Your church has a reputation. It could be good. It could be bad. But someone, somewhere is talking about you. People who have left your church or people who have visited have talked about your church But, the church world isn’t the only place people are talking about your church. Your community has an opinion about you as well. The public, your neighbors, nearby businesses, and your city leaders could be talking about you.
I admit I had never really thought about how our city thought about us until I read this excellent post by Pastor Scott Wilson, Pastor of the Oaks Fellowship in the Dallas area. He tells the story of the day the mayor came to him and said,
“Pastor Scott, there’s a problem . . . a big problem.” I responded immediately, “What do you mean? Tell me what it is.” Without hesitating, he said, “You and your church have a bad reputation in our community.” …He explained, “You’re the biggest church, and in fact, the biggest organization in our community, but you have the reputation for doing your own thing. You’re not really part of our community at all.” (for the full article click HERE)
Scott Wilson realized that although his church was doing a lot FOR the people in the community, they were not doing anything WITH the community. Scott had no idea his community was talking about him. But behind the doors of the city he lived in people were talking about him. And not in a good way. The mayor of the city did not see Scott’s church as a blessing at all. He saw them as competing with what the city was trying to do. Scott had no idea. You don’t either.
For the past few years I have been moving our church toward partnering with our community. We believe that our church should add value to our community by being involved with what the community is already doing. We parter with the city to participate in city events like festivals and parades. We partner with neighborhoods doing block parties. We partner with a local basic needs agency with support and volunteerism.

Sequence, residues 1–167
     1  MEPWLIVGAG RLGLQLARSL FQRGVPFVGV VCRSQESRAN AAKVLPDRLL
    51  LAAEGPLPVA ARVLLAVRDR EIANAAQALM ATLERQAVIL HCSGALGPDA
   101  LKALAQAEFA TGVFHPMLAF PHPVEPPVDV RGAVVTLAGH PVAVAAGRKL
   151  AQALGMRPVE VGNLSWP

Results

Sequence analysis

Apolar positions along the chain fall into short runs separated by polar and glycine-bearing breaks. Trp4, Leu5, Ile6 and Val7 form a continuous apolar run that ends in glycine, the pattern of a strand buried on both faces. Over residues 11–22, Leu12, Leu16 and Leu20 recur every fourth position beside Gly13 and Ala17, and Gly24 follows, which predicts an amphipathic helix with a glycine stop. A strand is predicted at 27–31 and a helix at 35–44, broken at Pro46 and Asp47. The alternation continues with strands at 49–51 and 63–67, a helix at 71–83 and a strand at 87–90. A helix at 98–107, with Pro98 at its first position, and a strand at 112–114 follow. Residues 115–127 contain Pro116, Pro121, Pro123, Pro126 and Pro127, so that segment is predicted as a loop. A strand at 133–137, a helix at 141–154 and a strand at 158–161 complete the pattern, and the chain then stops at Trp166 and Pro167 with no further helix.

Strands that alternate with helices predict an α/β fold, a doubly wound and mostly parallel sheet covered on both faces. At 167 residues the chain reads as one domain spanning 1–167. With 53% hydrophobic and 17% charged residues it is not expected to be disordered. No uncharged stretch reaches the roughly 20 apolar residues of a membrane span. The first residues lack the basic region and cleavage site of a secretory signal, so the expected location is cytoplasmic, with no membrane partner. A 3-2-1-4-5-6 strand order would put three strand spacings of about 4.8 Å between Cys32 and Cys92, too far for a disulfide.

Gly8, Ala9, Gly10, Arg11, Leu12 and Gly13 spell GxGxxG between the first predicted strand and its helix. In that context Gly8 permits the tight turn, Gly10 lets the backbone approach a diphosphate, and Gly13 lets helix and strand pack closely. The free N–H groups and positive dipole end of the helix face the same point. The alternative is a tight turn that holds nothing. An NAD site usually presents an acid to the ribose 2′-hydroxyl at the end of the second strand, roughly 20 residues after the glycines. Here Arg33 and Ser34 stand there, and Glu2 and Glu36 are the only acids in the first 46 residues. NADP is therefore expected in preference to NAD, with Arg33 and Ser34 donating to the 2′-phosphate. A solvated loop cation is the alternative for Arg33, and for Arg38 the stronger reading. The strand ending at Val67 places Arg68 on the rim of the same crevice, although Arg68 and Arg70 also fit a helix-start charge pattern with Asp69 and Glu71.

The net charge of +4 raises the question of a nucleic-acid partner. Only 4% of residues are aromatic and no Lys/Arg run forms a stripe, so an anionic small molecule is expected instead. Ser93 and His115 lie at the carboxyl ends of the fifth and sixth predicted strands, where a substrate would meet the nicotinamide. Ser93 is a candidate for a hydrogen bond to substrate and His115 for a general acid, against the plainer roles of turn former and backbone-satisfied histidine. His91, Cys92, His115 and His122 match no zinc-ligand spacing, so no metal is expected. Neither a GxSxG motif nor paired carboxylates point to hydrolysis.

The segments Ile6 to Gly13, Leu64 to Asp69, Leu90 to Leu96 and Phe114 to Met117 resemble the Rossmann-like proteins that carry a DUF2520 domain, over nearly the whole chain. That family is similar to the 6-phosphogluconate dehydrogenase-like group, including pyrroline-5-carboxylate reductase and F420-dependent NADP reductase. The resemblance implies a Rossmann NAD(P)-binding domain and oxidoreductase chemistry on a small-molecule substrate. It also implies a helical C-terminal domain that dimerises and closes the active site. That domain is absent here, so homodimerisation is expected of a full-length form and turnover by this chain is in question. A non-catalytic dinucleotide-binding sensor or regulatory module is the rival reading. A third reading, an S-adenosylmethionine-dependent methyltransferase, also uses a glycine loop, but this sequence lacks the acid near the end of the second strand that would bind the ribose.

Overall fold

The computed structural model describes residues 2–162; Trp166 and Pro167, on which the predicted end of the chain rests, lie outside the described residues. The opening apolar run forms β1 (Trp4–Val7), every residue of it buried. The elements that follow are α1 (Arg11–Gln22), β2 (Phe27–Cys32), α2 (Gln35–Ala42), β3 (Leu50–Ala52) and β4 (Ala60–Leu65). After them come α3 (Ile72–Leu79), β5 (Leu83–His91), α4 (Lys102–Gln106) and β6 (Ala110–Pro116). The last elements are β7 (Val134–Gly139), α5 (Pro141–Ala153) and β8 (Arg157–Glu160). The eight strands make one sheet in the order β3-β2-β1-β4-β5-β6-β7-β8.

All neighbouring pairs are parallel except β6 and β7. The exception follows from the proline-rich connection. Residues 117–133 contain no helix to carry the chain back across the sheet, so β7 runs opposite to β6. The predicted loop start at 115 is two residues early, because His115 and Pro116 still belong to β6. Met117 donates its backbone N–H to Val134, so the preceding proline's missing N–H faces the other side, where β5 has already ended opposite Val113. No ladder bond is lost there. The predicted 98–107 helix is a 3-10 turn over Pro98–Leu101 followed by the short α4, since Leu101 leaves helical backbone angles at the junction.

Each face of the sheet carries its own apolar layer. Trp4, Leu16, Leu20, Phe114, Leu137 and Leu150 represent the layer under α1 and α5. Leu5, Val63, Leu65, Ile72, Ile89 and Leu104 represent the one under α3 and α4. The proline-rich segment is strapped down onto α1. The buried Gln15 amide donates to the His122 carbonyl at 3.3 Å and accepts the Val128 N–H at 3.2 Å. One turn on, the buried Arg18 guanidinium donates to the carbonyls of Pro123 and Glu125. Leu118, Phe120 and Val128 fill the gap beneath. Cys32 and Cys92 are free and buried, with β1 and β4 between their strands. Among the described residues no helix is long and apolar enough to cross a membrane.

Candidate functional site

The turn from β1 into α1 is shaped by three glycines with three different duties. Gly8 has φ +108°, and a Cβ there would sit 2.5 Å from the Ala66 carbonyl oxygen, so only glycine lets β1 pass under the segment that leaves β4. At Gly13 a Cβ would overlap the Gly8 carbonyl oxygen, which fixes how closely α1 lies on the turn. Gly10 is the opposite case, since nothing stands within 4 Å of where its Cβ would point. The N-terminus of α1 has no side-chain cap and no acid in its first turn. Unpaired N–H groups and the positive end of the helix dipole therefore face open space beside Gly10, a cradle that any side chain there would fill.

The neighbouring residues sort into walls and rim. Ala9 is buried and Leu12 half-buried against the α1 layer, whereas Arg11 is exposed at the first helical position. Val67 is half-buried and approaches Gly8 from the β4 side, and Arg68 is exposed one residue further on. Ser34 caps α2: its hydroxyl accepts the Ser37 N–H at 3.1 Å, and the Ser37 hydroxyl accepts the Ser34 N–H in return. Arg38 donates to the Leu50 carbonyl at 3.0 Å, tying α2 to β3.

The mayor has heard me pray for him by name 3 times as I led prayer at the city council meeting. The Police department has called on our church to help organize their back to school event. The manager of a local apartment complex tells us she knows she can count on us. The leader of the local PTA can text me when they need help. Through serving on the board of our local benevolence agency, people in our community have seen me at events and heard me speak on behalf of this community agency. Through these partnerships, we have been able to rub shoulders with people in our community. They know us. We know them. No longer will those in influence in our city have to wonder about our church. They know who we are and what we care about. And it is making a difference.
Your city is talking about you. I have heard them as I have been getting more involved in our community and meeting our city’s influencers. They talk to me about the other churches in our city. They ask me questions about these churches. Here are some of the questions influential leaders in my city have asked me:
“Why don’t more churches help us try to help people in our city?”
“Why won’t that ( LOCALLY KNOWN CHURCH) help us with our event? Why are they competing with us?”
“Why do churches only help if they can be in control?”
“We can’t count on that church, they only want to do their own thing.”
You may not know it, but important people are talking about you. So is the public. Do you know what they are saying? Do you know how they feel about you? Do they see you as a help or a hinderance? Do they know you care about the city or do they think you care only about your church? If you have any hope of impacting your community, you must begin by showing your city you are there for them. Find out what is happening in your community. Get involved. Partner with your city to make a difference.
For more on this idea of community partnering, I recommend The Eternally Focused Quest by Rick Rusaw & Eric Swanson. Another good book on this is Love Without Walls by Lorie Beshore from Mariners Church.